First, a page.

It gets lost on the resume she handed me, but it’s there, it truly is: “Stepford wife, New Canaan, Connecticut.” Like a musical joke secreted within a symphony, it’s tucked between “Supervisor, GE, Syracuse” and “founding member of Arts Council.” I didn’t notice it until I sat down to write.
J. Ellen G. Austin, sculptor, and owner of the JEGA Gallery & Sculpture Garden on A Street in Ashland, may have “buried the lead” in her resume, but I suspect she knew I’d find the zombie housewife reference from the film The Stepford Wives irresistible. (The 2004 remake of the movie was filmed, in part, in the New York City suburb of New Canaan.)
In fact, while Austin’s stone sculpture is certainly sensuous, sublime and worthy of ink, it had been her line, “I used to be a Stepford wife, yes I did, darling,” delivered in a hilarious and painfully perfect New England Brahmin accent, that had initially intrigued me.
Meeting her now, at age 85, her wit and her sculpting skills chisel sharp, it seems incomprehensible that Austin bore even the slightest resemblance to the fawning, submissive suburban housewives of the movie. Listening to her stories, I sensed her life as a self-portrait in stone, a work in the hands of a master sculptor, continually chipping away to reveal the artist’s essence.
Of course, it wasn’t Austin’s hand on the chisel when she was growing up a tomboy with three brothers in upstate New York. Her grandma paid her boarding school tuition “because she wanted me to be a lady.”
“Did it work?” I asked. “I could curtsy for you,” she said with a twinkle. The comment, though meant to elicit a smile, was an affirmation from a chameleon who had learned to play the role, palatable or not.
Defying her desire to attend college in the big bad cities of New York and Chicago, her parents directed her to the University of North Carolina at Chapel Hill, where she studied psychology. In the telling, Austin breaks out with a cheerleader chant in a syrupy southern drawl:
“I’m a Tarheel born, I’m a Tarheel bred, and when I die I’m a Tarheel dead. Rah Rah Carolina!” There, she met and married “a Tidewater Virginian from the FFV.” “FFV?” “First Families of Virginia. Where have you been?” she scolds, coquettishly cocking an eye.
“They didn’t like me because I was a damn Yankee.” Compounding the animus, she went ahead and gave birth to a baby girl. “I was disowned for not having a boy.” With her husband’s death in a car crash a few years later, Austin and her daughter retreated to New York State where she took a job with General Electric in a division selling electronic military equipment. Slipping seamlessly into the snooty New England accent, Austin described meeting the “proper New England man” then moving to Connecticut and into the role of the Stepford wife. “It’s where I became ‘very proper.’
“I was doing exactly what I should have been doing, darling,” she said. “Everything had to be done in its right time, my husband’ s martini had to be just right, a twist no lemon. I had to pick up the children from school, meet my husband at the commuter train, get the children ready for bed. Everything had to be proper, just exactly right.” As the president of the local PTA, a board member for a new fine arts center, and a tennis player, Austin appeared not only to fit in, but to flourish in the role.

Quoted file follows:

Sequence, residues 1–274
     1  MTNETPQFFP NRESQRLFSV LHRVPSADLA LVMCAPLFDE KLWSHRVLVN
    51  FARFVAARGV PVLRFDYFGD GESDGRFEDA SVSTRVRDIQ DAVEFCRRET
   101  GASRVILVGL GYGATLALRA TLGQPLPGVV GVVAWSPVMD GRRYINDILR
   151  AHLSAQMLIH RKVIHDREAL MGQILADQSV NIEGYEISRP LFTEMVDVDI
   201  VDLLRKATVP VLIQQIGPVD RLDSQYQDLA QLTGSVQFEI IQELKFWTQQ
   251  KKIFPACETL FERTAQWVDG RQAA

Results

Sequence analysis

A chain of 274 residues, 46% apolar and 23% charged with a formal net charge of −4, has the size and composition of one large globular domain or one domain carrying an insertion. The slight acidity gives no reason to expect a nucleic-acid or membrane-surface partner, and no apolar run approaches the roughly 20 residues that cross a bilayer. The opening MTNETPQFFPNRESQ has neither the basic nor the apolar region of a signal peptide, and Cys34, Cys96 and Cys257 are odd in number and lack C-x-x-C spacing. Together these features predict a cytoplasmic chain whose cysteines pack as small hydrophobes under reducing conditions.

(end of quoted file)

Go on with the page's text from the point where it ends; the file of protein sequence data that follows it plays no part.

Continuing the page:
Still, to survive the “proper” lifestyle, Austin “escaped” to work as an apprentice at a bronze foundry in Norwalk, rubbing shoulders with a crew of Yale MFAs. “I’d go there by day and come back to be the Stepford wife.” It was only after Austin and her husband Stuart moved to Newport Beach, Calif.—she was in her mid-50s by then and a practicing art therapist—that she began her romance with stone sculpture. Working on the sun deck and in the garage, she studied with Italian masters, “infiltrating” the art colony in Laguna Beach.
“I discovered that I loved to pound rock,” she said.
“What was the attraction?” I asked.
“I didn’t like housework,” she deadpanned. “That’s not entirely a joke, but pounding stone is easier. I certainly wasn’t a Stepford wife anymore….my poor husband.”
About 20 years ago, a few years after moving to Ashland, Austin bought property from the railroad, designing and building the triplex on A Street. (Her husband Stuart died about 10 years ago.) Each of the three units features gallery and studio space downstairs and living space above. She lives and works in one, renting out the others. With no neighbors at the time, she could pound whenever she felt the call. While most of her work in the gallery—in stone, wood and mixed media—is abstract, visitors to the gallery get a kick out of Austin’s unmistakable anatomical focus. “I got tired of people just doing breasts all the time,” she said. “I wanted to do the bottom part for a challenge.”
Along with a sculpture of particularly sensual buttocks, chiseled from a block of Carrara marble, there’s a similar, more abstract, piece carved from a found chunk of avocado wood titled “Kick Ass.” That’s in “honor,” she says, “of George Bush. “Note,” she adds, “the constriction.”